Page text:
The saloon’s primary socializing/dining area is a U-shaped settee and dining table forward and adjacent to the helm. This is a very comfy spot and a stool can be added for another place at the table. Low sills make for good visibility outside the smoked glass windows.

The helm station to starboard has a single helm seat and a clean instrument and switch layout. One smart feature is the location of the Xenta joystick on the portside of the helm console. This allows the operator to stand amidships while docking, which makes it easier to see aft and to both sides of the vessel. A sliding window at the helm provides ventilation and if necessary, enough room for the operator to stick his or her head outside to check the surroundings.

The L-shaped galley is well-placed aft, so the cook is always close to the action, whether it’s in the saloon or the cockpit. The galley, which features a three-burner induction cooktop and convection microwave, is compact, but its limited counter space is offset by additional countertop space to starboard, forward of the upright fridge/freezer.

There are three cabins below and two heads with separate shower compartments. As in the saloon, the area is very tastefully decorated and inviting. The master is impressive in that, due to the beamy bow, it is much wider than a traditional bow stateroom. The ensuite is generous, with large hull windows, a separate shower compartment and a raised vanity sink.

The guest stateroom has twin berths, a hull window and decent headroom. The second head is slightly smaller than the master ensuite, but certainly adequate. The third cabin, which is compact with room only for a single berth, can alternately be used as additional storage and fitted with a washer/dryer. It is very unusual for a yacht of this size to have three cabins and the designers have again, made very good use of the space.

Engine and Systems  Power is twin 355-horsepower Cummins QSB 5.9-litre diesels that drive the twin shafts via V-drives. A bow thruster is standard. The engine room is accessed via a hatch in the cockpit sole and while very compact, the layout is clean and well executed. A 13 kW Cummins Onan generator will provide plenty of electricity to run all systems. Shore power is via 220-volt, 50 amp cord, and the DC system is 24 volts stored in four 90 ah AGM house batteries and two 90 ah AGM starting batteries.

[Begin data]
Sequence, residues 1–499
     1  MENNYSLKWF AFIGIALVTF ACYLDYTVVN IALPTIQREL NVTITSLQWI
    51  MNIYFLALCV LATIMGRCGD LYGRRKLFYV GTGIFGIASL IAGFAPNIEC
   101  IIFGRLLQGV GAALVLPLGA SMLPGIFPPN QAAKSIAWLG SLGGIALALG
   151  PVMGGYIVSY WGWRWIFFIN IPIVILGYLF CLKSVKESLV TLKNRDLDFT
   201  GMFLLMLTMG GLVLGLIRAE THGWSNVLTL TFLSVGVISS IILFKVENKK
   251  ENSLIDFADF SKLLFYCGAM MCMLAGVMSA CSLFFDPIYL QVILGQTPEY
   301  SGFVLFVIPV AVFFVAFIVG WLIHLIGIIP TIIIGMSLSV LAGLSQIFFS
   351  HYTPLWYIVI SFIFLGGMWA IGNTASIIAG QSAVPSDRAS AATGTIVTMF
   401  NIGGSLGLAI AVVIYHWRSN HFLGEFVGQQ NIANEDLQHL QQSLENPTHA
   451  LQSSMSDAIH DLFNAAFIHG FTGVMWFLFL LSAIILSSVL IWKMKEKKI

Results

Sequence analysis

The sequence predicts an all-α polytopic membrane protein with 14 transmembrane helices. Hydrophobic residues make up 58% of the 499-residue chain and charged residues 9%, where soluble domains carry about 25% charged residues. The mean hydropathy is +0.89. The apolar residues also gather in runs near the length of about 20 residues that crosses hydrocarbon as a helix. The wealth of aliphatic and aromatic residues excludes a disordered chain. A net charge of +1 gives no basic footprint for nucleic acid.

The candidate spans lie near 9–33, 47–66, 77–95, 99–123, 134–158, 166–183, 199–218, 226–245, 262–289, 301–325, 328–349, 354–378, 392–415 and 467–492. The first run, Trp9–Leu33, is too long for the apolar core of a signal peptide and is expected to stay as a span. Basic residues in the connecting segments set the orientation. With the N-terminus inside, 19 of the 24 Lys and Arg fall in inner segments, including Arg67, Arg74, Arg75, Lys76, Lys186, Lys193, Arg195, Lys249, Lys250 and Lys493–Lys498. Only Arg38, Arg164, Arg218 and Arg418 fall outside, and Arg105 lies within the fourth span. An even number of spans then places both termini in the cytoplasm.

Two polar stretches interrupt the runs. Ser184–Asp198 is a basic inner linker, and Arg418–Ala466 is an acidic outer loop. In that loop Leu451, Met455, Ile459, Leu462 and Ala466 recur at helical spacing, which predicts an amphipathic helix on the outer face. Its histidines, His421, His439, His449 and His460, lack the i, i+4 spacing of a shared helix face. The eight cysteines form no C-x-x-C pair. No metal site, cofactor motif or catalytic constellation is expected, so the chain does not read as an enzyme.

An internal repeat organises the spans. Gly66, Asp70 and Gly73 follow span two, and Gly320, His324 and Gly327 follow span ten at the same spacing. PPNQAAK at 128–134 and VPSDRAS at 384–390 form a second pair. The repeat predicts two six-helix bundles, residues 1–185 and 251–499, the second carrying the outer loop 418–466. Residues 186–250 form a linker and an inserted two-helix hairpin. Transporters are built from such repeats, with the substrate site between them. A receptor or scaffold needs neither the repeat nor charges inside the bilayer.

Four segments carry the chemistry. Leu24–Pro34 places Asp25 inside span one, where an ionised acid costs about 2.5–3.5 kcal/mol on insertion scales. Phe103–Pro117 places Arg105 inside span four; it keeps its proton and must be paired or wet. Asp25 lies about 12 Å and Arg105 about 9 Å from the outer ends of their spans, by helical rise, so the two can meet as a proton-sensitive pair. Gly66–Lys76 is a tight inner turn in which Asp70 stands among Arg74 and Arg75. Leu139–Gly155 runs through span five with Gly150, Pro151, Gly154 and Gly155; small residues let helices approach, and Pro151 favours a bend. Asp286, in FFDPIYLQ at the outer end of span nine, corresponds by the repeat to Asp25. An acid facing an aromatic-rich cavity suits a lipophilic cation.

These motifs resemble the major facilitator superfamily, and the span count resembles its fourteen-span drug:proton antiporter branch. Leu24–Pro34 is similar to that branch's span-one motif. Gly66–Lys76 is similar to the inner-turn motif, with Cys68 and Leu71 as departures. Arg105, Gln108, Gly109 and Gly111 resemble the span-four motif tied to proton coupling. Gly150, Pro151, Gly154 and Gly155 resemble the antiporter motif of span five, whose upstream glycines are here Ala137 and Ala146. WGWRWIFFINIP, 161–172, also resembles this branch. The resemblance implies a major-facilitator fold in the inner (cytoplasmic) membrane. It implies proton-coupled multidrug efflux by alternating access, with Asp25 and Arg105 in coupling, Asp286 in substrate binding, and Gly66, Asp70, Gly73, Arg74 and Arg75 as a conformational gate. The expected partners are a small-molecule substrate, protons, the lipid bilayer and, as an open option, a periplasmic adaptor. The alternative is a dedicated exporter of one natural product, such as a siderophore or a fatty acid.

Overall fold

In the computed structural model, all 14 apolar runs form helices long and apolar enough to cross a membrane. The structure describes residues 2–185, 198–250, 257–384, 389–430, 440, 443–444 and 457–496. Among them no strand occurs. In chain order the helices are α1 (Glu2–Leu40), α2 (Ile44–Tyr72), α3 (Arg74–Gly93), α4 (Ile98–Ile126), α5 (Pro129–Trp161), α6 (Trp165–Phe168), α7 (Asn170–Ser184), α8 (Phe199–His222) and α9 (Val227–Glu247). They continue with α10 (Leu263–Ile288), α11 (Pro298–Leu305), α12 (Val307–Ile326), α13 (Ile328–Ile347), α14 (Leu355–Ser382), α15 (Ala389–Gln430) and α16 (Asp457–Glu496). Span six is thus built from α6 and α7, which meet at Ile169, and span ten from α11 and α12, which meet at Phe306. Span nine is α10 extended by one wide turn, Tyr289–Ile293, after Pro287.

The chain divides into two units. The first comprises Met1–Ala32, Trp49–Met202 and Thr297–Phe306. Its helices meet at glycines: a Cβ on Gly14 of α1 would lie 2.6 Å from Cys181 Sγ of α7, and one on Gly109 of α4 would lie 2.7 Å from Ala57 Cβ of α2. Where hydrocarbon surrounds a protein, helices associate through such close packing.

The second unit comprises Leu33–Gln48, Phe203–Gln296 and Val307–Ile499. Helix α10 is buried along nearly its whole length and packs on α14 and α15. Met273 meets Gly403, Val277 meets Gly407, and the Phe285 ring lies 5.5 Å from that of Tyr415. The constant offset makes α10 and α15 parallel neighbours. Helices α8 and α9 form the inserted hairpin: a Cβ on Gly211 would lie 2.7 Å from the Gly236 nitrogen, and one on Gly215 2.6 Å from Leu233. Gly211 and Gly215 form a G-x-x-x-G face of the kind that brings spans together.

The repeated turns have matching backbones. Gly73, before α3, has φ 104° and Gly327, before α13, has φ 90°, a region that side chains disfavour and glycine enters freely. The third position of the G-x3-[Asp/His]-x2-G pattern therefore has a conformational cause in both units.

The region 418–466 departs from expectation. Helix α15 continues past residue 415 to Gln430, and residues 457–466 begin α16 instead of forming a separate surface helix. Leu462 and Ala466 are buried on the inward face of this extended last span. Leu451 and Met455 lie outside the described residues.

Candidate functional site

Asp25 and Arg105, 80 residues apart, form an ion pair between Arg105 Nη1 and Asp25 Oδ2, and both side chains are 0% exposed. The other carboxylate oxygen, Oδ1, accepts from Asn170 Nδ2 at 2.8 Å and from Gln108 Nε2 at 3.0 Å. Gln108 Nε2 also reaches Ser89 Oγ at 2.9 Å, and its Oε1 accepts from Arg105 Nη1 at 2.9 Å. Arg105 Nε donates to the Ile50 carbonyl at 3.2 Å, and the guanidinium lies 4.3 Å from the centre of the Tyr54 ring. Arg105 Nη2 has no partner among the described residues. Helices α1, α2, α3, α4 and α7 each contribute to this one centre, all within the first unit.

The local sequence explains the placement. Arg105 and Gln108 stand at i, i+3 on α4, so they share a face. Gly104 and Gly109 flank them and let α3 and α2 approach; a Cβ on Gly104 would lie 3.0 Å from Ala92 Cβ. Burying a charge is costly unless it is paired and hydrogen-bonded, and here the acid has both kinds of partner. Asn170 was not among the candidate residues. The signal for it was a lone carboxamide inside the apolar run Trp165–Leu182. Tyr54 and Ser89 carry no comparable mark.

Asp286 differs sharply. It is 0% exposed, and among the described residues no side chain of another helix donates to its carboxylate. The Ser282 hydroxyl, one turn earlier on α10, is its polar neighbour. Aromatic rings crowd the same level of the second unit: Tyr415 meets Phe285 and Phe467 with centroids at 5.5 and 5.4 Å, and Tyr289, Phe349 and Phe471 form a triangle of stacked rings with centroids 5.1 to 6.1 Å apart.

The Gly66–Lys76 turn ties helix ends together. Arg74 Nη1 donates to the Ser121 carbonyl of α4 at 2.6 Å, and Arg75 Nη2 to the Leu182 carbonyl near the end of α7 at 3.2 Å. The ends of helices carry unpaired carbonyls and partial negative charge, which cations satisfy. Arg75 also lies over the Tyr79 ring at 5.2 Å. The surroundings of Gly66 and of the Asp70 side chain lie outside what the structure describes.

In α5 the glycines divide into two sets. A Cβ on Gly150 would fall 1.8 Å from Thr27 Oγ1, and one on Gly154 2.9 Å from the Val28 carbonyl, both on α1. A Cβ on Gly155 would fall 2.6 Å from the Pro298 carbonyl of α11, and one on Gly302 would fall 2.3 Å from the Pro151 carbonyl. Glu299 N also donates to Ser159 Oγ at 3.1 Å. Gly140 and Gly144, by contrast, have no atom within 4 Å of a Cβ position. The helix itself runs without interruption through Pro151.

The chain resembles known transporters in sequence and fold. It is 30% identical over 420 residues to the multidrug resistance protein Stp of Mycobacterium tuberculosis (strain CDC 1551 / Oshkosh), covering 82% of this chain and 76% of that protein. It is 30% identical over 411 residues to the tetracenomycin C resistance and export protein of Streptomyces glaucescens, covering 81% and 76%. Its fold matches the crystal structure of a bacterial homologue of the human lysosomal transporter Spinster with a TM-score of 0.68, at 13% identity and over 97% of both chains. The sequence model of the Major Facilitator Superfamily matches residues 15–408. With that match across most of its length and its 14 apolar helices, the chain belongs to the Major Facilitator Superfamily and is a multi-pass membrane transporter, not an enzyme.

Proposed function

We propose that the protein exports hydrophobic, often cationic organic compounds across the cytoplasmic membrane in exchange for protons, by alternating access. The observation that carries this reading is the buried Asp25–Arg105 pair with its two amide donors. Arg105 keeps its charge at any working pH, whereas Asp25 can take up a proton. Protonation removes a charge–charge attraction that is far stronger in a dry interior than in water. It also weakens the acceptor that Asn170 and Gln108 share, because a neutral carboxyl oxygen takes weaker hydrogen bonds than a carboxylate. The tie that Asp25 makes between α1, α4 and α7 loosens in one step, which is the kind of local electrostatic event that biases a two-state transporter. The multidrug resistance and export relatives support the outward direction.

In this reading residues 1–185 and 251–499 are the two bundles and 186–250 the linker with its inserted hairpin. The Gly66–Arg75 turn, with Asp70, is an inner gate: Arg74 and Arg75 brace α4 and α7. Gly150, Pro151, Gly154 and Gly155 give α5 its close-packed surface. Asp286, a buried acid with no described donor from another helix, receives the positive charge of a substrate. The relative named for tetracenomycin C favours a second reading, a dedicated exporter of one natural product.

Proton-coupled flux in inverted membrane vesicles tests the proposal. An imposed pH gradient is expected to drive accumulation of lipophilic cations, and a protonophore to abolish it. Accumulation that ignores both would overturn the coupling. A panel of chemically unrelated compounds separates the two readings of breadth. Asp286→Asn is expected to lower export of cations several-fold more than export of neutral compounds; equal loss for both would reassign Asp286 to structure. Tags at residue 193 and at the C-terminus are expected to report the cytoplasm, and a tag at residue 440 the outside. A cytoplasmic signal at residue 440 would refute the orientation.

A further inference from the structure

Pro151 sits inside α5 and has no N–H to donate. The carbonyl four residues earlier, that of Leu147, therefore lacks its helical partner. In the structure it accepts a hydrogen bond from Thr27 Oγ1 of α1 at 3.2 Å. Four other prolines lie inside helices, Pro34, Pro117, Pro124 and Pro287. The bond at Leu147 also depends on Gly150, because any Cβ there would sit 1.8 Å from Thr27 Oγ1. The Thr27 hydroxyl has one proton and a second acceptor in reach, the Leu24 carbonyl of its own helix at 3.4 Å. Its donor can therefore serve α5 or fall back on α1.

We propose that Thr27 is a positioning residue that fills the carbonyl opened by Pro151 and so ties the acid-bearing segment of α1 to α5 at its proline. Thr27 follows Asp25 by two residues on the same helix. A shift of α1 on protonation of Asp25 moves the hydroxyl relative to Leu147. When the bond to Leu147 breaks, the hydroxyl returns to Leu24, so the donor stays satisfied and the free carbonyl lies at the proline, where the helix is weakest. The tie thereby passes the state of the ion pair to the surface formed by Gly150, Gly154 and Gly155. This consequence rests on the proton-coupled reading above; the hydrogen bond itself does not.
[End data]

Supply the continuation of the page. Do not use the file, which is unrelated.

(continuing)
Underway  Due to the broker’s time constraints, we weren’t able to spend quite as much time on sea trials as we would have liked. However, in the 40 minutes we spent in English Bay, Dixon’s hull design performed as advertised and impressed us at both displacement and planing speeds. While we were used to joystick steering on yachts with pod drives, the Xenta joystick system on the Magellano, which integrates the twin props, rudders and bow thruster, appeared to perform equally well, which was a nice surprise and a real bonus for a shaft-driven vessel.

With full fuel tanks, half full water tanks and three passengers, we found nine knots (1,500 rpm) to be a very comfortable and fuel-efficient displacement speed, burning 6.7 U.S. gallons per hour, which translates to 1.3 miles per gallon. At about 12 knots, the bow rose slightly as we climbed up onto the step. Planing along at a comfortable fast cruise, 18 knots and 2,250 rpm, our fuel consumption was 23.7 gph. At wide-open throttle, 3,040 rpm, top speed was 24.2 knots while burning 37 gph. It should be noted that the fuel consumption numbers provided by Cummins, which are typically very accurate, show considerably better fuel consumption. Regardless, the engines sounded and performed very well. Interior noise was minimal: 62 dBL at idle and 74 dBL at top speed, thanks to excellent engine soundproofing and the sound-absorbing wall treatments.

The Magellano 43 stayed upright in turns and the turning radius was good. It tracked well (thanks to the keel), with little need for adjusting the helm. The light chop and wakes we crossed made little impact because the 43 is heavier than most vessels of its size (where manufacturers have opted for lighter boats that require less horsepower). The yacht had a rock solid and steady feel with no slamming.

Concluding Remarks  The things that impressed us most about the Magellano 43 were: its striking and creative styling—a trawler that doesn’t look like the typical trawler; the impressive use of interior space, most notably the three cabin, two head layout; the contemporary Italian interior design and the high quality furnishings; and, finally, the solid performance, fuel efficiency and handling at displacement and planing speeds. The Magellano would be a good choice for coastal cruising whether for short trips to the Gulf Islands or north to Alaska.

Before shipping from Italy, all Azimut’s are sea trialed by the manufacturer at their Savona facility. Customers have the option of picking up their boat there, then cruising the Mediterranean and once done, having their yacht packaged for shipping to their home port.

Special price for the test boat, as equipped, is $988,000.

Peter A. Robson

Peter A Robson has more than 25 years of experience in the fields of book and magazine writing, research, editing and production. He has edited numerous magazines including Pacific Yachting. His has authored or contributed to a number of award-winning books on diverse subjects such as commercial fishing, forestry and salmon farming. Though his home is in British Columbia, his assignments have taken him throughout North America, the Bahamas, the Caribbean, Australia, China and South America.